Last week I talked about an assignment a counselor friend gave me to become an expert at finding God at work in my and others lives. Becoming an expert at anything requires hard work. Consider someone who you would describe as an expert. Do you think they were born that way? Even if they had some genetic advantage, hard work and intentionality were surely a part of the process of their skill or expertise.
When I was nine years old a little boy was born in Brooklyn and later moved to North Carolina. As a high school sophomore he was cut from the basketball team but later went on to become the NCAA Freshman Player of the Year in 1983 at the University of North Carolina. He left UNC after his junior year to join the NBA where he was honored as Rookie of the Year, was drafted third and went on to win six National Championships for the Chicago Bulls. Perhaps you’re one of the blessed fans like me who was privileged to watch Michael Jordan score and soar and steal balls on the court.
“Air Jordan” was obviously gifted. But Tim Grover, the trainer who worked most with him, said he was the hardest working guy he had ever seen and that “he practiced extremely hard which made the game easy for him.”
I’m learning that become skilled at seeing God at work also requires focus, devotion and practice. Apart from God’s help my tendency would be to see the glass half empty rather than half full, which means I’m better at seeing areas of lack than evidences of God’s work. And what’s interesting is this: to acknowledge God at work in my life has felt in the past like prideful boasting. How many times have you heard someone talk about themselves in a positive way and not feel a little uneasy? After all, we Christians are supposed to be humble and not draw attention to ourselves, right?
But what if admitting areas of growth in our lives is not drawing attention to us but to God? If God is the One who does the work, then why shouldn’t He get the glory?
The fine line between arrogant boasting and honoring God can be confusing. It doesn’t have to be! If I am taking the credit for personal growth then the honor should rightly go to me and boasting is the natural result. But if I am fully aware that God’s sanctifying grace is responsible for the changes in my heart and life then why is it wrong to boast in Him?
Okay, here I go. Tell me if this sounds like boasting.
My earliest memories of caring about others are from first grade. A friend was hit by a car while walking to school. Both legs and her pelvis were broken and she was in a cast from her waist down. I remember visiting her, taking her flowers and sitting with her to “help” her with homework. Our teacher was a lovely woman I remember fondly but I learned that she didn’t go to church. I vividly remember a picture I drew for her of my little church. Across the bottom it said, “Please come to Greenbelt Baptist Church. God loves you.” Mom reminded me of times I prayed for Mrs. Fink and my friend Pamela over dinner regularly, asking Jesus to heal Pamela and save my teacher.
When people tell me that they feel loved and cared for by me I know what they’re experiencing is the love of God working in and through me. I’m not tempted to take credit for this myself because I didn’t choose to be this way. I was made this way. Mom used to say, “Sheree, you came out of my womb loving others.”
That may be true. But I was also born with other things that came easy. My struggles with laziness, self-protection, jealousy, discontentment and self-righteousness are ones I still battle and have certainly threatened my ability to love others. Yet I’ve recently came to see that God made me with a capacity to love and care for others that is a demonstration of His work in my heart. It would be the height of arrogance for someone as selfish as I can be to pat myself on the back for loving anyone!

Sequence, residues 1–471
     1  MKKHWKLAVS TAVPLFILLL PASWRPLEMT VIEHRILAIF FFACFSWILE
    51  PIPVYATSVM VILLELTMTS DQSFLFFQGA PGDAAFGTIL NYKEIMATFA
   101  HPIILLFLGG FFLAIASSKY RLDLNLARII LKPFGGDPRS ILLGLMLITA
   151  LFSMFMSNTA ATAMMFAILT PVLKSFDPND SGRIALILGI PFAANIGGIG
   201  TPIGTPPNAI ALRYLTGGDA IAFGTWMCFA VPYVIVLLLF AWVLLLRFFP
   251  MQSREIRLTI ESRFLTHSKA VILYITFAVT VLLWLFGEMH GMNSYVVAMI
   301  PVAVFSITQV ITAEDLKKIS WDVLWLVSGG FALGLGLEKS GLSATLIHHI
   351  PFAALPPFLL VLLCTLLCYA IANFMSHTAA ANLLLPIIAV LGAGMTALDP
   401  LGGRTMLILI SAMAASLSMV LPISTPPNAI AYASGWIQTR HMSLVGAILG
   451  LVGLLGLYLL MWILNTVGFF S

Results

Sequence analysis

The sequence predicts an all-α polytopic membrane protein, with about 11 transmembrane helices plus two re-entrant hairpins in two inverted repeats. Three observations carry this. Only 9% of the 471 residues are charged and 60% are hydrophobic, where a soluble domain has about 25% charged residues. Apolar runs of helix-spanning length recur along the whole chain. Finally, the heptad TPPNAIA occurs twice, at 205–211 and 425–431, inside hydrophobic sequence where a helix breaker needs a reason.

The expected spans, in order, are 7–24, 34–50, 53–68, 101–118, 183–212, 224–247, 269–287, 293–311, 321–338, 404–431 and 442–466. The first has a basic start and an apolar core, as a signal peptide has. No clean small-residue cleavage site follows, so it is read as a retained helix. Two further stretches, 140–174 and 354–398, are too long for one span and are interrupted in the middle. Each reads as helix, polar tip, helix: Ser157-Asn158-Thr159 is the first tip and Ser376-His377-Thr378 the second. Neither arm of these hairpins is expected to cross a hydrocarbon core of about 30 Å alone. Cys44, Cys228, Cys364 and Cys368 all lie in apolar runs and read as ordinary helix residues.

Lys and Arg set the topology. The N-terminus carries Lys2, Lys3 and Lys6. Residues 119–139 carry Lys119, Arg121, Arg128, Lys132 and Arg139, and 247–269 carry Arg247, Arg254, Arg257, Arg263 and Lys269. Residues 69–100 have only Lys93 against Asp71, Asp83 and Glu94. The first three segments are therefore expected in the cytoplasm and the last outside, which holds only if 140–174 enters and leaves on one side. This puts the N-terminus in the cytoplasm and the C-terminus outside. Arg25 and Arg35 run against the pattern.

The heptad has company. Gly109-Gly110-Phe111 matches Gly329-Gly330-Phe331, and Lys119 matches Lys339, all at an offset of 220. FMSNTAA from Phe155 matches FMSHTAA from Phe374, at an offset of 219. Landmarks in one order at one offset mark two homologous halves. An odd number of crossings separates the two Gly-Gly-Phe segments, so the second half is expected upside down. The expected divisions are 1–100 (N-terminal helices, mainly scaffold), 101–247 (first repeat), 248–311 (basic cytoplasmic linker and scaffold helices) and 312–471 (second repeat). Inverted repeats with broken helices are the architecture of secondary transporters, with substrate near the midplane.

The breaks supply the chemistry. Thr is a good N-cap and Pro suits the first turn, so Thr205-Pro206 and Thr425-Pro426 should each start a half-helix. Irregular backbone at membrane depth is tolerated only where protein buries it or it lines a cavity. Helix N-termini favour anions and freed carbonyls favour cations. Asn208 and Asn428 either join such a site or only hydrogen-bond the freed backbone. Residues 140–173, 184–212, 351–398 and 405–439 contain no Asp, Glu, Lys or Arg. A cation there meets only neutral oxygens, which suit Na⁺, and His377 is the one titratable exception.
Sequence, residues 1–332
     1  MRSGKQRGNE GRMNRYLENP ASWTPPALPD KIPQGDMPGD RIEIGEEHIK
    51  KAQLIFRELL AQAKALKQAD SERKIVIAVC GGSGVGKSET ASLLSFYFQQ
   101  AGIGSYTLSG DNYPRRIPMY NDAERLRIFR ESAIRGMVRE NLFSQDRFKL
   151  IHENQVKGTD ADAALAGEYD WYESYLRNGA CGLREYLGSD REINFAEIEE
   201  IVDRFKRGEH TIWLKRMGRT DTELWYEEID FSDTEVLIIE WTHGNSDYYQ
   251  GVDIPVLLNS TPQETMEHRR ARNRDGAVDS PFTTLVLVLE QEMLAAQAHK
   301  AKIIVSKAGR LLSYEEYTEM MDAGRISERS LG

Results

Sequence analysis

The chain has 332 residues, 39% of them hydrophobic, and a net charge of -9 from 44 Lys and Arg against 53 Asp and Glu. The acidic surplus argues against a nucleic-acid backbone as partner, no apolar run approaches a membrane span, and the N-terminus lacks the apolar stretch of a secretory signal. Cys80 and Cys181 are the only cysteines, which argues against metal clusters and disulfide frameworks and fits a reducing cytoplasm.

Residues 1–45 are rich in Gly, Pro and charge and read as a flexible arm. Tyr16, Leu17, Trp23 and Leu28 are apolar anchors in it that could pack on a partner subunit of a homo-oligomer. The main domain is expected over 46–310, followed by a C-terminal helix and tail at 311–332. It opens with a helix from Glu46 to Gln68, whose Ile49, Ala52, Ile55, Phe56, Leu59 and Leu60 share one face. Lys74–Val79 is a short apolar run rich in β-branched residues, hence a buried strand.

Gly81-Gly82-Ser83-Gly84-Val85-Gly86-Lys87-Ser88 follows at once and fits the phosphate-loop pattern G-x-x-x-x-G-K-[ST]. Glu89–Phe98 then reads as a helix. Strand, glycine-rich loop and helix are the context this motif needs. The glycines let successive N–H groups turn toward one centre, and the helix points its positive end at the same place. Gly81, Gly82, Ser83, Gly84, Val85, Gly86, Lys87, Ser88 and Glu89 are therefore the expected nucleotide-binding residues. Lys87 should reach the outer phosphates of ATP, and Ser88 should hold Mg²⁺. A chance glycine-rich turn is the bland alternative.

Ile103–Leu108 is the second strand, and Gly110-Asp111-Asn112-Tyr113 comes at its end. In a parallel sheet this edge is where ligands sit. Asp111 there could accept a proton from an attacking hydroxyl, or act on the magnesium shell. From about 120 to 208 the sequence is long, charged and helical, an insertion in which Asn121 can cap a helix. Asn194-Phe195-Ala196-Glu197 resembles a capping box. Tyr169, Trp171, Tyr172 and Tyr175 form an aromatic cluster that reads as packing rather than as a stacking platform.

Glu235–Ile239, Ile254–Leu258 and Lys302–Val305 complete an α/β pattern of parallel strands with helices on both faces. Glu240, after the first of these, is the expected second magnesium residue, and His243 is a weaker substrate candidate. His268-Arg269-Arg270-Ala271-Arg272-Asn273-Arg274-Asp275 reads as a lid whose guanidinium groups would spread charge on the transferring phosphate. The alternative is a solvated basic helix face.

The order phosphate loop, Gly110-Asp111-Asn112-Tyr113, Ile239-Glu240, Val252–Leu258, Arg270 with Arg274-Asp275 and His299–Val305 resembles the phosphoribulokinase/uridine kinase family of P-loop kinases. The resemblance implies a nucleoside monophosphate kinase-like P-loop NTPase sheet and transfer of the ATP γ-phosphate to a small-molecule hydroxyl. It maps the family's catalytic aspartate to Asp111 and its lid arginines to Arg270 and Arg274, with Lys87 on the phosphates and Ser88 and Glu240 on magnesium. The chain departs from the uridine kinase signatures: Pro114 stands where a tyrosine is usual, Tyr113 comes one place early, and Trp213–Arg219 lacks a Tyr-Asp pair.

This God-given capacity is something for which I can thank Him. In the past I have tended to inordinately focus on the “threats” rather than on His signature on my life. While I want to continue to learn how weaknesses, wrong thinking and sin hinder my ability to love others, I also want to avoid robbing God of His glory for leaving His signature on my life in ways that honor Him.
Are there qualities, giftings or characteristics in your life that are also evidences of His work and grace? Absolutely! If you are a believer His signature has been left on you as God’s image bearer. I have a couple of questions for you:
- Are you uncomfortable talking about areas God has gifted you because you or others would assume you’re boasting?
- Are you aware of things God is changing about you? Ways you are making progress in becoming more like Christ? If not, it’s not because that’s not happening. He has promised that He is working in you and will complete that work! (See Philippians 1:6)
- Of which are you most aware: the areas God is at work in you or ways you still struggle with weak or sinful patterns?
I invite you to join me in becoming an expert at what God is doing and I’m asking you to begin with you first. Why not take a few minutes soon to look back over the past couple of years and make a list of the ways God has been working in your heart. Are you more patient with the kids or less selfish with your time? Do you use your money more wisely or find more joy in blessing others? Do you less frequently deal with self-pity or enjoy more consistency in your devotional times with the Lord? Wow. The list could go on of potential areas in which God has been busy in your life!
I still love watching clips of MJ on the basketball court. His natural ability and hard work resulted in some stunning results. Imagine how much more joy YOU bring to God when you operate in the gifts He’s given you as He sees the fruit of your Spirit-born efforts to grow in Christlikeness.
It’s not boastful to put His grace on display. So make your list and start becoming an expert at seeing Him at work in you.